Dr. Solbert "Sol" Permutt, a retired physiologist and teacher who helped expand the
"In terms of the
Dr. Permutt worked for years in asthma,
He was born in Birmingham, Ala. Family members said that as a child, he skipped class to read in the public library. In his last two years of high school, he lived in a fraternity house attic at the
He attended the University of Alabama and the
After spending two years as chief of the division of cardiopulmonary physiology at the National Jewish Hospital in Denver, he returned to Hopkins in 1961 as an associate professor of environmental medicine at what is now the Bloomberg School of Public Health. According to a Hopkins biography, he remained on the faculty for nearly 50 years. He became a professor of medicine and environmental health sciences in the School of Public Health in 1965 and a professor at the School of Medicine in 1972. He retired in 2006.
"They made him retire, but he didn't. They said, 'We can't pay you anymore,' and that didn't matter," said a daughter, Nina Meade of San Diego. "He worked until eight days before he died."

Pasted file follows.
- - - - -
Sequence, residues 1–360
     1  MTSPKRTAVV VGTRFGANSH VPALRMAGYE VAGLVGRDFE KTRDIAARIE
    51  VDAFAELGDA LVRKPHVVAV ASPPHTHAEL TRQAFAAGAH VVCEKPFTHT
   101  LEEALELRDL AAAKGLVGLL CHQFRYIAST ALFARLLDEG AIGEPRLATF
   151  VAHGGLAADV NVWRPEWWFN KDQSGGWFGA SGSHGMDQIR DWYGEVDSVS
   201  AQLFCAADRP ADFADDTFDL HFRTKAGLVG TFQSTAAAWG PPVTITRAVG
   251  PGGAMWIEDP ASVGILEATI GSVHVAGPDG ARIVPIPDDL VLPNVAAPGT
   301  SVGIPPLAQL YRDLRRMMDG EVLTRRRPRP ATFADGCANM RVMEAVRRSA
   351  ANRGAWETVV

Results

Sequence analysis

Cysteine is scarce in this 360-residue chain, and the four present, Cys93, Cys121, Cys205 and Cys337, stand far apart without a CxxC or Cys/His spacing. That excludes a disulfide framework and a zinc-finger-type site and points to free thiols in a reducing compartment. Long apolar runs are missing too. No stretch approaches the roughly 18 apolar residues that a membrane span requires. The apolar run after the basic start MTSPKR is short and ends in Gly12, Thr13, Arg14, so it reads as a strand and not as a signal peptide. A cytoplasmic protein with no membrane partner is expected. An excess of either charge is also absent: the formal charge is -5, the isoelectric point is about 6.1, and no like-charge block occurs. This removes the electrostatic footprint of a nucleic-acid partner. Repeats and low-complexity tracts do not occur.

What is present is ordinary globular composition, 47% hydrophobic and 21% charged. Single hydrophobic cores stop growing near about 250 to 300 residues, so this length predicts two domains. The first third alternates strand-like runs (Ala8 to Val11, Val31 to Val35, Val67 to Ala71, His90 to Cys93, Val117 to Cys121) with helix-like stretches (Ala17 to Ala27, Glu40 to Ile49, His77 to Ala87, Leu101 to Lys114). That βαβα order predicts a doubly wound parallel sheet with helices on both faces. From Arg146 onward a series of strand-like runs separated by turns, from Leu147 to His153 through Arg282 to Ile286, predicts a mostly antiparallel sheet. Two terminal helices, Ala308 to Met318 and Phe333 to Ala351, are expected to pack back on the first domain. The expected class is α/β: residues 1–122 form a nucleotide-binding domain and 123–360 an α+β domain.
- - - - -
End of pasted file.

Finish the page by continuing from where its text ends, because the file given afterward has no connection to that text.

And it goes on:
At Hopkins, he became director of the respiratory division in the department of medicine. Colleagues said he inaugurated a collaborative program that integrated the treatment of patients, research and teaching. He led the opening of a new intensive-care unit and a new bronchoscopy program. He also worked with other Baltimore hospitals.
"Sol, simply put, was a genius," said Dr. Robert A. Wise, a Hopkins professor of medicine. "He could absorb large amounts of complex, seemingly disparate data and find a simple, coherent theory that ultimately would be proven correct."
Dr. Permutt received numerous awards, including the George Wills Comstock Award from the
Friends recalled his energy. He rode a bike from Mount Washington to his office at Johns Hopkins Bayview Medical Center well into his 70s. He also wore large bow ties.
Another Hopkins colleague, Dr. Roy Brower, a professor of medicine, described Dr. Permutt as "generous, warm, loving and caring. He was our guru." Dr. Brower said he once sought his advice on a difficult end-of-life problem but instead received "an opinion that was religious. I said, 'Sol, I came to you to get rigorous thought and instead I get religion.' He said, 'Well, I am the most touchy-feely person you will ever know.'"
A bass, Dr. Permutt sang with the Baltimore Choral Arts Society and played the recorder and harmonica. Family members said he could identify classical music pieces after hearing only a few measures. He taught a course in
Services were held May 25 at Sol Levinson & Bros.
In addition to his daughter, survivors include a son, Thomas Permutt of Columbia; another daughter, Lisa Ellen Permutt of Baltimore; five grandchildren; and two great-grandsons. His wife of more than 60 years, Loretta Paul, a Bloomberg School of Public Health administrator, died in 2008.